This extraordinarily ambitious and generous woman has big plans for OBONO in the future. “We will be changing our schedule significantly,” she says. “We intend to announce our 2018 selection in January, and our community programming will be year-round instead of concentrated in the fall. One thing that will not change is our dedication to keeping our community programming free and open to the public. We will also remain committed to having each community event in a different neighborhood; we know that many people here in New Orleans struggle with transportation, and we want to make sure we reach as many people as possible. We’ve also got an exciting announcement with the Pirate’s Alley Faulkner Society coming up in December, so look out for that!”

OBONO strives to reach those who otherwise wouldn’t have such access to literature. They partner with Literacy Alliance adult education programs, Louisiana Books 2 Prisoners, the New Orleans Public Library and WRBH Reading Radio to ensure that everyone who wants to be involved has the opportunity to do so. The 2017 book is Counting Descent by Clint Smith ($15, Write Bloody Publishing). Grab a copy and read along with your neighbors! ylcnola.org/project/one-book-one-new-orleans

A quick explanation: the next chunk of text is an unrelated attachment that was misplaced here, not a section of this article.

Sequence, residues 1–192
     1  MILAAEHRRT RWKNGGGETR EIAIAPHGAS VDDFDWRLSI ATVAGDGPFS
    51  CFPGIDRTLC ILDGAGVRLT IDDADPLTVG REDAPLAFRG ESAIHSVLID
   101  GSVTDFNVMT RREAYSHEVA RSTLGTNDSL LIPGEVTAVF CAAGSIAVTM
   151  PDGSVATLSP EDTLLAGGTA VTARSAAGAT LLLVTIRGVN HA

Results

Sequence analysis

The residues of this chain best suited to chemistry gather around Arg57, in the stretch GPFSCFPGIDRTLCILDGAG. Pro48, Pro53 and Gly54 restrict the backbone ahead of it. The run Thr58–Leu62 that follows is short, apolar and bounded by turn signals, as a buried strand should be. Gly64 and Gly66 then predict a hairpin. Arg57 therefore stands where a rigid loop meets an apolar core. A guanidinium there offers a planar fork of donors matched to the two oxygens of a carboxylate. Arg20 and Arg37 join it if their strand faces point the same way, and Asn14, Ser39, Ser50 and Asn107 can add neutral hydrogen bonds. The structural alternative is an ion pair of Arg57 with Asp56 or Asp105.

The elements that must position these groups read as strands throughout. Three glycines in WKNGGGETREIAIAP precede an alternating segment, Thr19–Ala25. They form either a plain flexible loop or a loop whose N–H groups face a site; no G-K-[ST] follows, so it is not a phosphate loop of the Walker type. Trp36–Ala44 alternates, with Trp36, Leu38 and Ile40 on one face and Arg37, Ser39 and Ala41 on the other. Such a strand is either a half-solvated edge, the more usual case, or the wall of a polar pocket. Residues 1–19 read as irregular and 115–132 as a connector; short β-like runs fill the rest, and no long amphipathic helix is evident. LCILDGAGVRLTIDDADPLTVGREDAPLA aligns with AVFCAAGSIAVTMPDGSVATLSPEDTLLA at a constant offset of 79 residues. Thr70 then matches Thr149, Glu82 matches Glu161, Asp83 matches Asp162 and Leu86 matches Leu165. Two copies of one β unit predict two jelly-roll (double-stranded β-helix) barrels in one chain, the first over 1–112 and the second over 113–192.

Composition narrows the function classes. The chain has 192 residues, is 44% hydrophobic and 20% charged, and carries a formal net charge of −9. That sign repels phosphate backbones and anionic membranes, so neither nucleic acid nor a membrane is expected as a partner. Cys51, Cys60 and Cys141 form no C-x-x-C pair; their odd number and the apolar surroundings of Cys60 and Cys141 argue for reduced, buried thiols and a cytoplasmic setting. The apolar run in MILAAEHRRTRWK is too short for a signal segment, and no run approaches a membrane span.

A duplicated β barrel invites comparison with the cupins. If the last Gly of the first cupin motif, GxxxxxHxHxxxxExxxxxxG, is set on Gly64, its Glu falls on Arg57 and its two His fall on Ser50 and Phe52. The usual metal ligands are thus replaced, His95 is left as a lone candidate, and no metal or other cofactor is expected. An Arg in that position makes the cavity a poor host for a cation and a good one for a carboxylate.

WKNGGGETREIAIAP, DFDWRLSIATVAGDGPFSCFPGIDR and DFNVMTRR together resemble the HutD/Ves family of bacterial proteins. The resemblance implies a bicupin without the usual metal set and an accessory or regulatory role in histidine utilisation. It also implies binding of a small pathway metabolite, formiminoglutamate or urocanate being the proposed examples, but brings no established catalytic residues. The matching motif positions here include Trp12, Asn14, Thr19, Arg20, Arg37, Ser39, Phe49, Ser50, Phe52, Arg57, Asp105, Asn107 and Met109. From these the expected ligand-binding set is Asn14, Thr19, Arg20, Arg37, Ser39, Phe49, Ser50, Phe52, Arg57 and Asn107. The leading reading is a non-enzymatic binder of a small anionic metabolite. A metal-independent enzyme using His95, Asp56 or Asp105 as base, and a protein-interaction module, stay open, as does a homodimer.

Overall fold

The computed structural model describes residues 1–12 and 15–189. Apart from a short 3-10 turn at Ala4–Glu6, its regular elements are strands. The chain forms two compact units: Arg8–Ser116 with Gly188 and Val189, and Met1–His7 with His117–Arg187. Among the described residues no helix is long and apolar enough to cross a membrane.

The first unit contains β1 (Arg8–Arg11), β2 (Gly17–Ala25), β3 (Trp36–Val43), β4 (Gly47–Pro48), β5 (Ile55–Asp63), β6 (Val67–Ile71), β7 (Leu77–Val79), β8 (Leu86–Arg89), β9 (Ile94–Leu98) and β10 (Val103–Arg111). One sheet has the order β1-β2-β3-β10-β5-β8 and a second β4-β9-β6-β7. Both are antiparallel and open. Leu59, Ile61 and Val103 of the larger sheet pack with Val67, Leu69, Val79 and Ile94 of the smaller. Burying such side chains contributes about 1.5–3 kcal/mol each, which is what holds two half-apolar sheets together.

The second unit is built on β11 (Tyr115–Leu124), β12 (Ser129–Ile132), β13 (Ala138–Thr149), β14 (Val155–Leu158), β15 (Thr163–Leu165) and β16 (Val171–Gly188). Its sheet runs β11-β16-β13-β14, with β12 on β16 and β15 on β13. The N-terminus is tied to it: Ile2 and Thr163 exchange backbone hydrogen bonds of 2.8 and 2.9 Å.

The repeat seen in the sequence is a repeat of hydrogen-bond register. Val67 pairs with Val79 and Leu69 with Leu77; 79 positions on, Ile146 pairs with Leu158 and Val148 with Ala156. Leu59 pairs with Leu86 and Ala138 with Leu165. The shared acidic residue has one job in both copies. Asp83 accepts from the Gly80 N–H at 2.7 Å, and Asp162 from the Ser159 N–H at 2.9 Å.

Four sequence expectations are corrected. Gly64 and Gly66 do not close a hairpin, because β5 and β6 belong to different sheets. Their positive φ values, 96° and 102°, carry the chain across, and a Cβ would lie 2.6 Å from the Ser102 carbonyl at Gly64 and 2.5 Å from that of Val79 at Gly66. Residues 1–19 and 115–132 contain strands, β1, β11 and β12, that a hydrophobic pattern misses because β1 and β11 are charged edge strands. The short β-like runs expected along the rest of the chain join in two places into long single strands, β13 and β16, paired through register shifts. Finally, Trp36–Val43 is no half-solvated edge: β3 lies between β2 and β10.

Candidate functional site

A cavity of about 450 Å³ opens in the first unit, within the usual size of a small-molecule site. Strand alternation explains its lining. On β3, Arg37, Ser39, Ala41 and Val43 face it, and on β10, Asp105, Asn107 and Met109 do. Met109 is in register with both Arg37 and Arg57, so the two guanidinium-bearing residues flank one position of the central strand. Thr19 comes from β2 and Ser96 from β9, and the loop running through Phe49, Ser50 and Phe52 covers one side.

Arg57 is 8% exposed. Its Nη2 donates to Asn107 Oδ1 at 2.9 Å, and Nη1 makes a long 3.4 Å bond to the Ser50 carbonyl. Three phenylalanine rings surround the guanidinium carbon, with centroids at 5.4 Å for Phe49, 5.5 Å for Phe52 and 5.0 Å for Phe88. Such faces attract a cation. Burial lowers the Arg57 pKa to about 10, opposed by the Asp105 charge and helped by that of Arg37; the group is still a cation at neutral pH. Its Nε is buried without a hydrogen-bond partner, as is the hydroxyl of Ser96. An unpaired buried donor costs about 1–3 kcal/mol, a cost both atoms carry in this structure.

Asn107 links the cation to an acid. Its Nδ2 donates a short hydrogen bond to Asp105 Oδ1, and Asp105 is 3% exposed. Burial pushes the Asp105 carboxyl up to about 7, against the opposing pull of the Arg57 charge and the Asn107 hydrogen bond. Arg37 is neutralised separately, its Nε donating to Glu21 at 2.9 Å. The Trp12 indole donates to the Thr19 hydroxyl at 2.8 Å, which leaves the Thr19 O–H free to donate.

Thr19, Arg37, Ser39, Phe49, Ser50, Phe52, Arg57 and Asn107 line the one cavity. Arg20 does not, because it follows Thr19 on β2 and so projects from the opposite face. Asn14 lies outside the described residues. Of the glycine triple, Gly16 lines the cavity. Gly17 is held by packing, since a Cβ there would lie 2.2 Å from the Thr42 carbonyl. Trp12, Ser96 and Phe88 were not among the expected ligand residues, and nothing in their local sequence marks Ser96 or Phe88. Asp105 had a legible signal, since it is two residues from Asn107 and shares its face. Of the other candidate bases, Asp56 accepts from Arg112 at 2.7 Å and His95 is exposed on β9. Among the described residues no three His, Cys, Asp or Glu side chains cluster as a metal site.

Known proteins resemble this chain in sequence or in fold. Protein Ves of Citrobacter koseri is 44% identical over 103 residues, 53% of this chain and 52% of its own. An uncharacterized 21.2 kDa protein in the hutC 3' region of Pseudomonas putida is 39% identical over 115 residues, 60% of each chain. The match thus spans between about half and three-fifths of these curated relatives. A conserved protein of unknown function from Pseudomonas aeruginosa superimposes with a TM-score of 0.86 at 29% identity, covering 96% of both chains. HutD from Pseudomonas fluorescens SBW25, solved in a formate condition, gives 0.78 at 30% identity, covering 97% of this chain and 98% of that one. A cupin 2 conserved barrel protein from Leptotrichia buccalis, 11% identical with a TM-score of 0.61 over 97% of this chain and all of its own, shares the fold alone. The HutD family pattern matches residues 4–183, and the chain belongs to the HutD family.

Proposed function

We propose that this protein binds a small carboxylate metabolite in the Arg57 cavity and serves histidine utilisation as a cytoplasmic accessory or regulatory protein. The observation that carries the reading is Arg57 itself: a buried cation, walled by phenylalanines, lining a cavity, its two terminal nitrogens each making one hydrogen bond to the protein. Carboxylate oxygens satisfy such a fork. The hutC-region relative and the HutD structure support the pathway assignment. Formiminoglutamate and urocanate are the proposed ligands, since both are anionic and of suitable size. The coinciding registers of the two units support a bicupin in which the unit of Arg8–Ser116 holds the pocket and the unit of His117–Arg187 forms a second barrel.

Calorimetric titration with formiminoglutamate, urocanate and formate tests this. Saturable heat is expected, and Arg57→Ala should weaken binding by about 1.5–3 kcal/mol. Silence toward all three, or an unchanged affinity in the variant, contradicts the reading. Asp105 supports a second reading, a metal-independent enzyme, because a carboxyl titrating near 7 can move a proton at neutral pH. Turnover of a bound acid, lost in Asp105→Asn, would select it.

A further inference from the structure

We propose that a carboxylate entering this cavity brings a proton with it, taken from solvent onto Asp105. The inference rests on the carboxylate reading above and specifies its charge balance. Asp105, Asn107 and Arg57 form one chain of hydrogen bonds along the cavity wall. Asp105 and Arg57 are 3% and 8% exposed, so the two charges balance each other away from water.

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Megan Holt

By

Advocating for Literacy

 

If you’ve kept up with the initiatives of the Youth Leadership Council, you’re probably familiar with their One Book One New Orleans program. For 13 years, the people behind OBONO have selected a book that they work to get everyone in the entire greater New Orleans area to read and promote it for a few months out of the year. Megan Holt has been volunteering with this literacy and community engaging initiative since 2013. “Initially, I chose OBONO simply because I love to read and I wanted to share that love with the community,” she says. “However, as I became more involved, I realized that OBONO is so much more than a reading project. OBONO, at its core, is dedicated to providing literacy resources to members of our community who would otherwise not have access to them. My first word was ‘read,’ and, until I started working with OBONO, I had taken for granted the privileges that access to books provided me. OBONO very much opened my eyes in that regard, and, as the years went on, I became increasingly dedicated to advocating for community literacy.”